President Trump’s New Immigration Executive Order: What You Need to Know

brussels-airport-1458203-300x207On January 27, 2017, President Trump signed an executive order, “Protecting the Nation from Foreign Terrorist Entry into the United States”.  On February 3, 2017, a federal court in the State of Washington, issued a temporary restraining order prohibiting the federal government from enforcing the executive order. The temporary restraining order was later upheld by the Ninth Circuit Court of Appeals on February 9, 2017.

On March 6, 2017, the President withdrew his previous executive order, and signed a new executive order (“The Order”). Unless a federal court issues a temporary restraining order against the O it is slated to go into effect on March 16, 2017.

The Order Bans Entry into the United States of Foreign Nationals from Six Predominantly Muslim Countries:

The Order bans many foreign nationals from Syria, Iran, Libya, Somalia, Sudan, and Yemen, from entering the United States for 90 days. Individuals from these six countries may not enter the United States if: (1) they are outside the United States on or after March 16, 2017; (2) they did not have a valid visa at 5 PM EST on January 27, 2017; and (3) they do not have a valid visa on March 16, 2017.

The travel ban will not apply to foreign nationals from the six affected countries who are: (1) U.S. lawful permanent residents; (2) dual nationals of one of the six countries who travel on a passport from a different country not covered by the ban; (3) individuals traveling on diplomatic visas (such as C-2 visas and G-4 visas); (4) individuals already granted asylum in the United States; (5) individuals who have been granted advance parole, withholding of removal, or protection under the Convention Against Torture; and (6) refugees who have already been admitted to the United States. In addition, consular officials have the power to issue visas on a case-by-case basis if they determine: (1) the foreign national has demonstrated they would face undue hardship if denied entry into the United States; (2) the entry into the United States will not pose a national security risk; and (3) allowing the foreign national into the country would be in the national interest.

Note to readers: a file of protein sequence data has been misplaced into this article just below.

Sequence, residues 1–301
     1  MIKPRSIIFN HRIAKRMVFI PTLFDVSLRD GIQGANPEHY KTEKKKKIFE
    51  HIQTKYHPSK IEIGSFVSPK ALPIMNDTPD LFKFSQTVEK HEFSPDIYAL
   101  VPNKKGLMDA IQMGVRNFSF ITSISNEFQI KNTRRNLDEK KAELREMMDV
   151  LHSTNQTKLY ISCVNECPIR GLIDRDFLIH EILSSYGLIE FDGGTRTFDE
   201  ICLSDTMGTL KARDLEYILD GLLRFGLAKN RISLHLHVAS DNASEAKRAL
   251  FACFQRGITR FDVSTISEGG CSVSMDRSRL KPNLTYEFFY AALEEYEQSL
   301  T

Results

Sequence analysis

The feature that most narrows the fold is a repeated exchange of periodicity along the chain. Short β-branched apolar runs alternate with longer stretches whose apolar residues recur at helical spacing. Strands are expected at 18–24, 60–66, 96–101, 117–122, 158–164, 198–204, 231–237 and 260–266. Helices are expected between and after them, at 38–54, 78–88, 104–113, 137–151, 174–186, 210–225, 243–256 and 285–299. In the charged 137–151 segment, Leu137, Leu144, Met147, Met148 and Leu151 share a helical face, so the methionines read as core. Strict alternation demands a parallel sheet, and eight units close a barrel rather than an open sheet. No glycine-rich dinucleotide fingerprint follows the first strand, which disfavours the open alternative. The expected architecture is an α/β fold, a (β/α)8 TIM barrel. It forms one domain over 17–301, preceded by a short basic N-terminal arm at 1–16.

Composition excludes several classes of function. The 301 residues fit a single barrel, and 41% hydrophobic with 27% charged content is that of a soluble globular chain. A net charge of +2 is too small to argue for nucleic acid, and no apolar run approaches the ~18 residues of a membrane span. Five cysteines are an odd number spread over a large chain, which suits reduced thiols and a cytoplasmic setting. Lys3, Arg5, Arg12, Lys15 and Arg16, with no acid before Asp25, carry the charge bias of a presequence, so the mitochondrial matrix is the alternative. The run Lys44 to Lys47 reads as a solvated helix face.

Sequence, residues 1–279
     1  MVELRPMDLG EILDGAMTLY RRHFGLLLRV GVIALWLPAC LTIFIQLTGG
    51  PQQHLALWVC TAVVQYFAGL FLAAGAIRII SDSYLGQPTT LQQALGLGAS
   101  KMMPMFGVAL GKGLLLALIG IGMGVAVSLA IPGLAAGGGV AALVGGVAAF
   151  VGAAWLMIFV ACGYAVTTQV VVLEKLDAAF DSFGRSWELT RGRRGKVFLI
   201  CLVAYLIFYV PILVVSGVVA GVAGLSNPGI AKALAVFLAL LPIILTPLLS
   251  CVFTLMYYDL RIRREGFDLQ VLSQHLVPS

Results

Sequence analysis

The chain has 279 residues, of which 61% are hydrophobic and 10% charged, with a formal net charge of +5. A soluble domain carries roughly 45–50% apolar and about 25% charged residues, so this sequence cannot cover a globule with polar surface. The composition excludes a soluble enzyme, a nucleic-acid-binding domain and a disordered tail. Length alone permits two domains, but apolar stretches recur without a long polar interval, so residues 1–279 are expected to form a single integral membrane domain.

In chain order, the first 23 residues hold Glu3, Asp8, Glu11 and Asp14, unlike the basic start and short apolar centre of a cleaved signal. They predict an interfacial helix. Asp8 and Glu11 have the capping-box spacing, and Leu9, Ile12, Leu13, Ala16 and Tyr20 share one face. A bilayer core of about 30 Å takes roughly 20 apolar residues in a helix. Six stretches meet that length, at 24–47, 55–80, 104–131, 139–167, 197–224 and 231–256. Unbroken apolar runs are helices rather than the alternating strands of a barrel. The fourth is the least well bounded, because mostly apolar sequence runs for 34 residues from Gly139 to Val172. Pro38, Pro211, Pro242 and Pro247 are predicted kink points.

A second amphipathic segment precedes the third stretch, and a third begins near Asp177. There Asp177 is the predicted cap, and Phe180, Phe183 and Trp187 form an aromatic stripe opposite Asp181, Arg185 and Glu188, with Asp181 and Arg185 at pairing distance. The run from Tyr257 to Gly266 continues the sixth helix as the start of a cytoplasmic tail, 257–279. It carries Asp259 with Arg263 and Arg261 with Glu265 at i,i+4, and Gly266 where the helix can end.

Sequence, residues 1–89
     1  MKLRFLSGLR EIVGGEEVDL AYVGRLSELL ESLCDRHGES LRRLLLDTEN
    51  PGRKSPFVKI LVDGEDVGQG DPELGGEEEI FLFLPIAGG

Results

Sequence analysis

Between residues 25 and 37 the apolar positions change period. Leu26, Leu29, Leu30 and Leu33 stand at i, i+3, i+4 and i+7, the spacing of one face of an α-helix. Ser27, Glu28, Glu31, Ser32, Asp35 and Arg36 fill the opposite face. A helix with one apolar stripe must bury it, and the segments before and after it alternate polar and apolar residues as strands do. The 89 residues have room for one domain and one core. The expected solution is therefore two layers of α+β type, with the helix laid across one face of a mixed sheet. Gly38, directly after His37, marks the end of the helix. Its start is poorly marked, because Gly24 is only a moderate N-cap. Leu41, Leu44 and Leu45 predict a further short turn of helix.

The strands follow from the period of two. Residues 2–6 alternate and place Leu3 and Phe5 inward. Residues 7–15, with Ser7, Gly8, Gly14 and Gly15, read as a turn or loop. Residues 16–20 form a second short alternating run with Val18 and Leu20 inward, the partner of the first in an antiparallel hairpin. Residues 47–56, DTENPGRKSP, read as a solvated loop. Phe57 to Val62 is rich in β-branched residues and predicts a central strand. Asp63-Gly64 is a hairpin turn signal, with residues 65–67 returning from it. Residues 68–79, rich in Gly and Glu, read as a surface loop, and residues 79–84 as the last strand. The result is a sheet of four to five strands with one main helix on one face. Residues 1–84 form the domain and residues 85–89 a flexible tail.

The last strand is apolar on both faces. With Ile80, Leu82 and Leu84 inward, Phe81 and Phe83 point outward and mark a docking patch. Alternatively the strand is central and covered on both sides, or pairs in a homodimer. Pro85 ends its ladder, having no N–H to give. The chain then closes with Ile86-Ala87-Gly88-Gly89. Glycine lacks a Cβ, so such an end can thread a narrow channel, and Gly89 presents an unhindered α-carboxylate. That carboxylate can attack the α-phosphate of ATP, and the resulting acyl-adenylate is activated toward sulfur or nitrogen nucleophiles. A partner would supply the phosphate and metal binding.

Under the Order, the travel ban will remain in place until the Secretary of State, Secretary of DHS, and the Director of National Intelligence, determine what types of additional information is needed from each of the countries in order to carry out proper vetting of individuals seeking visas. Once a country begins to provide the requested information, the travel ban will be lifted for that particular country.

It is important to note, that the Order gives the Secretary of State, U.S. Attorney General, and Secretary of DHS, the power to at any time, recommend that additional counties be added to the travel ban. Therefore, all foreign nationals traveling to and from the United States, should be vigilant and continue to monitor the situation.

The Order Suspends the U.S. Refugee Admissions Program

The Order also suspends the U.S. Refugee Admissions Program (“USRP”) for a period of 120 days.  During that time, no refugee applications will be reviewed or adjudicated. Even though USRP will be suspended, refugees who were already scheduled to travel to the United States will still be allowed to enter the country. During the 120 day suspension, the government will review the process by which refugee applications are adjudicated. At the end of the 120 day period, USRP will resume for foreign nationals from all countries except those countries where the review determines that additional information is needed to properly vet potential refugees.

Further, the Order reduces the number of refugees that will be allowed into the United States in 2017. Under President Obama, the United States set a goal of admitting 110,000 refugees in 2017. The new Order lowers this number to 50,000 refugees.